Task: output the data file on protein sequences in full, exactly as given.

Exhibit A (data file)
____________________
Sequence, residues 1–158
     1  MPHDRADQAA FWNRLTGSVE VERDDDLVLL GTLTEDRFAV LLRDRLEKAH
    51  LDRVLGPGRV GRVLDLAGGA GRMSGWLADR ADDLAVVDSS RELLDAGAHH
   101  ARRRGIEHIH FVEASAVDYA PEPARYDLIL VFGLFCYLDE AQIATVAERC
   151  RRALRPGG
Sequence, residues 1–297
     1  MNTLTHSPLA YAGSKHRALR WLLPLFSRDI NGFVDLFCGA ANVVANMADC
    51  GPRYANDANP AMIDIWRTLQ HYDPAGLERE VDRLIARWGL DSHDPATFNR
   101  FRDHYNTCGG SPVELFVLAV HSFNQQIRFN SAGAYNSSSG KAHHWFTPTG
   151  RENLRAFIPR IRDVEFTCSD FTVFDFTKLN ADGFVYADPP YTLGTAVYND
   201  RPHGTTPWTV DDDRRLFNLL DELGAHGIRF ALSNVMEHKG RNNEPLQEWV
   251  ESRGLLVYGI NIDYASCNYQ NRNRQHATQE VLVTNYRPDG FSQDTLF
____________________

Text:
Sequence, residues 1–158
     1  MPHDRADQAA FWNRLTGSVE VERDDDLVLL GTLTEDRFAV LLRDRLEKAH
    51  LDRVLGPGRV GRVLDLAGGA GRMSGWLADR ADDLAVVDSS RELLDAGAHH
   101  ARRRGIEHIH FVEASAVDYA PEPARYDLIL VFGLFCYLDE AQIATVAERC
   151  RRALRPGG
Sequence, residues 1–297
     1  MNTLTHSPLA YAGSKHRALR WLLPLFSRDI NGFVDLFCGA ANVVANMADC
    51  GPRYANDANP AMIDIWRTLQ HYDPAGLERE VDRLIARWGL DSHDPATFNR
   101  FRDHYNTCGG SPVELFVLAV HSFNQQIRFN SAGAYNSSSG KAHHWFTPTG
   151  RENLRAFIPR IRDVEFTCSD FTVFDFTKLN ADGFVYADPP YTLGTAVYND
   201  RPHGTTPWTV DDDRRLFNLL DELGAHGIRF ALSNVMEHKG RNNEPLQEWV
   251  ESRGLLVYGI NIDYASCNYQ NRNRQHATQE VLVTNYRPDG FSQDTLF